I don’t know how many times I played and replayed the videocassette on which I’d taped Korn’s 1999 Woodstock appearance. I’m embarrassed to say it was a magical music moment. I say embarrassed, and I almost hesitate to call Korn’s music “music” because after listening to Bach, Vivaldi, Verdi, and the saddest composer of all time, John Dowland, the range of standards for creativity and artistic ability change.
Maybe the nu metal music lends meaningful shape to our deranged modern human reality, cut off from the very necessities of life as we trek lonely paths through traffic-congested cities, with our feet pounding on pavement rather than soil or grass, and our ears hit with slashing sounds like honking car horns that tipple over the bass rumble of jumbo jets and a hundred idling car engines stuck in a traffic jam. Maybe that’s something Vivaldi could never quite capture. The other question is, Why would he want to?
In 1999, my family only had five TV channels. Videos were not easily uploaded or streamed online. So when NBC (I think) aired “Blind” and “Twist” from Korn’s Woodstock performance, I taped it. For a 14-year old, there was no greater musical moment possible. I watched the kilted Davis scream his heart out, jump around, and do his chicken dance while holding onto his mic stand (prior to the custom made alien stand that seemed to signal the downfall of the band, as well as guitarist “Head”‘s departure to find Jesus, quit meth, and, finally, to rejoin the band for this latest album ten years later).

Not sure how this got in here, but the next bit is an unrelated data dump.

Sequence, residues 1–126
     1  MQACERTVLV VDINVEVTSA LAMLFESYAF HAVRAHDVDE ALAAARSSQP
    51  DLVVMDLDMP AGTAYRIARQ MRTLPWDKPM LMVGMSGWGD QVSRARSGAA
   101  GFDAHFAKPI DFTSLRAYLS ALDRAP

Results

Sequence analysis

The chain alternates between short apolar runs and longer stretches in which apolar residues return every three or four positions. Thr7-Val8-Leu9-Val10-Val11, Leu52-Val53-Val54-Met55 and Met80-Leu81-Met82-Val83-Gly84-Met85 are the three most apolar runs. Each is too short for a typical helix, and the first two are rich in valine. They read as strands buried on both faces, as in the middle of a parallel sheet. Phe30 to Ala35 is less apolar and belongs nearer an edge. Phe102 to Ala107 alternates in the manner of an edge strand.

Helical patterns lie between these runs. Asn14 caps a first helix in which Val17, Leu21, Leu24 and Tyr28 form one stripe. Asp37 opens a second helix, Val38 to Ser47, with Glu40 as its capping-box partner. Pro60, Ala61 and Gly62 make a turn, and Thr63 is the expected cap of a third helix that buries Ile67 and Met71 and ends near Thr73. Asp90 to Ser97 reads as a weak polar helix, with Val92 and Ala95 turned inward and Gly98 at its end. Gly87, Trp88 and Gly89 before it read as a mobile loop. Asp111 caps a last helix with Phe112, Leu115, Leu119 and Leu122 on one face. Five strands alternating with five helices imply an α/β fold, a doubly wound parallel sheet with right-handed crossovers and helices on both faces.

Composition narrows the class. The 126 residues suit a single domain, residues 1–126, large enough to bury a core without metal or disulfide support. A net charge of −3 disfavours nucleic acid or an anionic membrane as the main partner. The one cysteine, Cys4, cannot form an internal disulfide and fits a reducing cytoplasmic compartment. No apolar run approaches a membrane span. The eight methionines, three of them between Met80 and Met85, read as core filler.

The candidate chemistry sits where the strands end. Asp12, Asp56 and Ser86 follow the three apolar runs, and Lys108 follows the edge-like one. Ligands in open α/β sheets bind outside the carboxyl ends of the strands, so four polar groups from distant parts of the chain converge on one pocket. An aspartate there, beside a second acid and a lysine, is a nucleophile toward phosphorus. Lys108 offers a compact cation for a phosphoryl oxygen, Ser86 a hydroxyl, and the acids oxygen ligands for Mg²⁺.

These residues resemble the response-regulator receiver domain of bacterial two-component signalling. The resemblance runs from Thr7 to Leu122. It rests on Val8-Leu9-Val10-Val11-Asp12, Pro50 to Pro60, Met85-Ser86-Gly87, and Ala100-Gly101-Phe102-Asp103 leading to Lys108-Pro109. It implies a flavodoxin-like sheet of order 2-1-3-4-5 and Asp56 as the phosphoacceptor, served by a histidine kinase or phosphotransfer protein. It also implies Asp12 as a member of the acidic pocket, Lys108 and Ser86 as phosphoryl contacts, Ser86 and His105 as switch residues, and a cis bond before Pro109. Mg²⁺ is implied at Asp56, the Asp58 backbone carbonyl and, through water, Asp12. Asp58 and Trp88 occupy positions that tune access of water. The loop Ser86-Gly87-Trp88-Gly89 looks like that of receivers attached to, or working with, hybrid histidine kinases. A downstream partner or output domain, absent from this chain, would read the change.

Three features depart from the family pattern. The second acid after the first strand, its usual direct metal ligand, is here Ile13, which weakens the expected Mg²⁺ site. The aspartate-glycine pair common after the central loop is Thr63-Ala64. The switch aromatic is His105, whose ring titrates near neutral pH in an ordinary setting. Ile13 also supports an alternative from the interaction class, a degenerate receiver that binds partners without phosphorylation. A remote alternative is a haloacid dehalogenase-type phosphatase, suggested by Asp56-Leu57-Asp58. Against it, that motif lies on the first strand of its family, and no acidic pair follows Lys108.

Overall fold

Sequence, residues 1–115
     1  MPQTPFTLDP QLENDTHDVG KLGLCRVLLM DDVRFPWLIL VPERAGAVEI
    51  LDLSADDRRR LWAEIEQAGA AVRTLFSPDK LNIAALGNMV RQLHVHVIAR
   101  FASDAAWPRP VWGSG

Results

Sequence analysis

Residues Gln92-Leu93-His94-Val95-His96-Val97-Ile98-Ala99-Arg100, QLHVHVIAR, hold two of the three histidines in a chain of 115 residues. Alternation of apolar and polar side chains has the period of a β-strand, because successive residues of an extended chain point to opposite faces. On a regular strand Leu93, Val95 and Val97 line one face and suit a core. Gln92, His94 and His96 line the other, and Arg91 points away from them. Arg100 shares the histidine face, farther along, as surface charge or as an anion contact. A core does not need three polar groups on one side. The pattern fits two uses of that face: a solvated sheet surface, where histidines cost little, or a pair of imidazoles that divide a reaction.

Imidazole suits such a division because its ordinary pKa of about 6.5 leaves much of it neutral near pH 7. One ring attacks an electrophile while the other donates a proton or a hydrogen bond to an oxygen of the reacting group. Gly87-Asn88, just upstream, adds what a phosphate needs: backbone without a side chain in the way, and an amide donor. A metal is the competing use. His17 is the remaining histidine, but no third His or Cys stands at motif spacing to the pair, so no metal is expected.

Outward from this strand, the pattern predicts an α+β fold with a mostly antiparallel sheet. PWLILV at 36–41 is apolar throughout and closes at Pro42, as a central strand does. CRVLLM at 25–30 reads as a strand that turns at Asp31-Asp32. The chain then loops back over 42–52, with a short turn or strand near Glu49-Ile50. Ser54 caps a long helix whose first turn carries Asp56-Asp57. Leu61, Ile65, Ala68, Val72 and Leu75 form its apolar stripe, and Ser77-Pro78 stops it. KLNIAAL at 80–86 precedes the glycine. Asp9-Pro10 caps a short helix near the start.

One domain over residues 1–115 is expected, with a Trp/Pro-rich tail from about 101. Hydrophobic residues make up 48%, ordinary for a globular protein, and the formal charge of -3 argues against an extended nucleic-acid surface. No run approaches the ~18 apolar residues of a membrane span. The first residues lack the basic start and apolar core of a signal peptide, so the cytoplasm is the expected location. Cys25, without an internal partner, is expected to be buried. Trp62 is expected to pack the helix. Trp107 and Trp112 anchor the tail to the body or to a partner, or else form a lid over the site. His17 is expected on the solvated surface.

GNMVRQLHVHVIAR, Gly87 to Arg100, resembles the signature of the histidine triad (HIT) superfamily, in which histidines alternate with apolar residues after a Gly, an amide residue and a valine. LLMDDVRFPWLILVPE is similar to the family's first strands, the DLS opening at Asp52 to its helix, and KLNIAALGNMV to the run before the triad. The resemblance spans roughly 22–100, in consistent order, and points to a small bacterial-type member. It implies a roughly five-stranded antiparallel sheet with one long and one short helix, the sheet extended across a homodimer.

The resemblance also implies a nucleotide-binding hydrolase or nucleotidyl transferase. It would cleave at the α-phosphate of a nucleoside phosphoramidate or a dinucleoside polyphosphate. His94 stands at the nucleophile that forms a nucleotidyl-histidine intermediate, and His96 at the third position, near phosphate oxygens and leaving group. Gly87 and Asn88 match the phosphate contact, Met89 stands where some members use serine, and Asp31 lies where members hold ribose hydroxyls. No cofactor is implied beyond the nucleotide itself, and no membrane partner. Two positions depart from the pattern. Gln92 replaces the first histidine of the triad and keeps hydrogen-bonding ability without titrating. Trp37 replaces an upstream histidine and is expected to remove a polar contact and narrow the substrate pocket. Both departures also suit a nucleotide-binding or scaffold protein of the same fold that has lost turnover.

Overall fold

Jesus had no need for meth, and neither do you…(and that wasn’t meant to be hate speech against meth heads, but rather a calculated opinion based on my meticulous research of history around the year zero to thirty-three AD)
One year ago I confessed to my self-proclaimed Communist professor that I couldn’t help that I really enjoy all varieties of heavy metal music. It’s a weak spot I have, I said. But I can’t get enough of the stuff. This was just after we’d discussed the mathematical perfection of music in the Baroque era.
“Oi,” he said, “metal music?” and chuckled to himself. “Like what those meth heads in Northern California listen to?” he asked. “They drive around in raised trucks with knobby tires and get tribal arm band tattoos?”
Well, sure, I’d said. But I certainly have never been a meth head. I hate toxic chemicals. I don’t even like brushing my teeth with the corporate poison toothpaste. I get my highs from carrot juice, sublingual shots of Vitamin B, and a strong cup of black coffee. And when I do these drugs back-to-back-to-back, I’m hopped up more than I want to be anyway. But I see the connection between meth and metal. It’s all about getting more bang for your buck. It’s about wracking your body to squeeze a little extra juice out of life, despite the damage it does.
But what happens when you can’t kick those embarrassing childhood passions, like Korn music, that linger through your life? And why, as an adult, are there fewer and fewer truly magical moments of slipping into a self-indulgent, emotional artistic adventure? As awestruck as I’ve been while experiencing transcendent opera productions, such as Verdi’s La Traviata, the mood has never reached the peak of sheer excitement like it did as a kid standing in my family’s modest living room, in front of the sound system, blowing my ears out with the same two Korn songs. Perhaps it is cynicism that takes over the adult mind. Or a creeping level of ennui.
Or maybe nu metal is audio meth, and that’s as simple as it gets.
Below is a song called “Freak On A Leash”. Is this my generation’s disgruntled, polluted, and hopeless version of “Spirit in the Sky”? Perhaps bass player Fieldy’s snap, crackle, pop bass is reminiscent of Russell DaShiell’s “beeping” fills.
It’s all Dionysos rising, anyway.